vanessa_bioVanessa Hua is an award-winning journalist and writer.

She is the recipient of the San Francisco Foundation’s James D. Phelan literary award. A recent Steinbeck Fellow in Creative Writing at San Jose State University, she is working on a novel, short stories, and a memoir.

 At the San Francisco Chronicle, she covered Asian American issues.  Previously, she reported on digital culture, technology, and minority business news.  Her overseas assignments have included writing about adult adoptees in South Korea and reporting on returning expatriates in China. She has also reported from Panama and Burma, filing stories on human rights, AIDS, and microfinance programs. She began her career at the Los Angeles Times before heading east to the Hartford Courant. Her work has appeared in the New York Times, New Yorker online, Salon, Pacific Standard, Washington Post, re:form, The Atlantic, and Newsweek, among other publications.

A Bay Area native, she is a graduate of Stanford University and UC Riverside’s MFA program. She works and teaches at the Writers’ Grotto in San Francisco.

Achievements include the Asian American Journalists Association’s National Journalism Award — online/broadcast (2007),print (2008), radio (2014); the Society of Professional Journalists, Northern California chapter’s in-depth reporting award and the James Madison Freedom of Information Award. She is a past co-president of the San Francisco Bay Area chapter of the Asian American Journalists Association.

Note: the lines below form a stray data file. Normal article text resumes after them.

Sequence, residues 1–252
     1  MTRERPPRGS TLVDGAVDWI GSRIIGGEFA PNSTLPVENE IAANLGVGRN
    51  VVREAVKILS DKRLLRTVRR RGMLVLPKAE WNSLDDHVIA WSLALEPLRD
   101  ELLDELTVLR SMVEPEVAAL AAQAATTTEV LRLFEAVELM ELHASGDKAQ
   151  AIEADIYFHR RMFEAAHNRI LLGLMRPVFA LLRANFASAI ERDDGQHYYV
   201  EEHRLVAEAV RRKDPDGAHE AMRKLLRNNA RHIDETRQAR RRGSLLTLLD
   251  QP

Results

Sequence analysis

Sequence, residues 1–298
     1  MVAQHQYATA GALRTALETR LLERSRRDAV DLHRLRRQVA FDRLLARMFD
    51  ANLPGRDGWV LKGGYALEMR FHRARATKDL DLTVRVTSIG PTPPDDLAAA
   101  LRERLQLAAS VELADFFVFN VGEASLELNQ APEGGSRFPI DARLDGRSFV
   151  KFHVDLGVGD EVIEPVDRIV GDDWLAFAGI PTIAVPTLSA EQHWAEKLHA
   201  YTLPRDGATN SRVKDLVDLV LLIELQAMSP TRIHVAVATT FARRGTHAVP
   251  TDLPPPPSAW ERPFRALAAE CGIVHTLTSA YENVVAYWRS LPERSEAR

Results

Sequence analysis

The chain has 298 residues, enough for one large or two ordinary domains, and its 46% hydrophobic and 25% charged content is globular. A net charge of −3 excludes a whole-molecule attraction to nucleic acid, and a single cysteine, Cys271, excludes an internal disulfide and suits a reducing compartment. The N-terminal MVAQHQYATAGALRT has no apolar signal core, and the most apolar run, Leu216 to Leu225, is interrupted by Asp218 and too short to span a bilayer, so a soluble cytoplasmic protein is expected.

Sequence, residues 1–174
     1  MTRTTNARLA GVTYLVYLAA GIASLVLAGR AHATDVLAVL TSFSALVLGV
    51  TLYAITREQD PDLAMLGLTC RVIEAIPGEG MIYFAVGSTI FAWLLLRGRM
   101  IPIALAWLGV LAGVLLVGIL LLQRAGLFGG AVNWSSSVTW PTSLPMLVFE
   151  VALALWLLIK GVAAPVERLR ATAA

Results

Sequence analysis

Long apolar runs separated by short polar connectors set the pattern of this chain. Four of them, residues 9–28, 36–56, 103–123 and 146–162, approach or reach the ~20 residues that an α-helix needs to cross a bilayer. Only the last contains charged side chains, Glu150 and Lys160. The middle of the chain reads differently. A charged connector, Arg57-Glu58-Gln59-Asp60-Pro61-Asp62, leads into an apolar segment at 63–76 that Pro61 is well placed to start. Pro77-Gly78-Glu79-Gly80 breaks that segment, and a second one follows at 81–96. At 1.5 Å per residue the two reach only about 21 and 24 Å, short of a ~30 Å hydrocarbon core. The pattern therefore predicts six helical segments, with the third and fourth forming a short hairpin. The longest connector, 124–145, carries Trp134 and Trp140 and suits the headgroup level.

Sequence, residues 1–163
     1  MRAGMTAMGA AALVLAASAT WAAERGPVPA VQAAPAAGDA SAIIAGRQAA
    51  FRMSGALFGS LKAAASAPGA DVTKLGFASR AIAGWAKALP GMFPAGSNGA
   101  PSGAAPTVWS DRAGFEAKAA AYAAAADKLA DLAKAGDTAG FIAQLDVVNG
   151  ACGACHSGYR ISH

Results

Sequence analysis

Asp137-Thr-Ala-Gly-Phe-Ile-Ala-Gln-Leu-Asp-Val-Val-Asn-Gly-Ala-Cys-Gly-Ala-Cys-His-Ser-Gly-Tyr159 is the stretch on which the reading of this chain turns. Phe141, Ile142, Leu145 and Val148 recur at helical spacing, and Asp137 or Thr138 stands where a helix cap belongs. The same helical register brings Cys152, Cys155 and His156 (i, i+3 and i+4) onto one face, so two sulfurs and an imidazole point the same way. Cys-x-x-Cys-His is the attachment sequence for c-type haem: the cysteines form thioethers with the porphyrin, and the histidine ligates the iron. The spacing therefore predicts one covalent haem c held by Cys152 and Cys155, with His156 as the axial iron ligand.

Her fiction has appeared or is forthcoming in The Atlantic, ZYZZVA, Crab Orchard Review, GuernicaCalyx, American Literary Review, River Styx, Hopkins Review, and elsewhere. She is the first-place winner of The Atlantic student fiction contest,and has received scholarships from the Bread Loaf Writers’ Conference and Aspen Summer Words.

Hear her read an excerpt of her work here.

To buy her short story, “The Deal,” published by The Atlantic, click here.

To buy her short story, “Line,Please” published by Daily Lit, click here.

She blogs about three generations living under one roof, as featured in the New York Times’ Motherlode.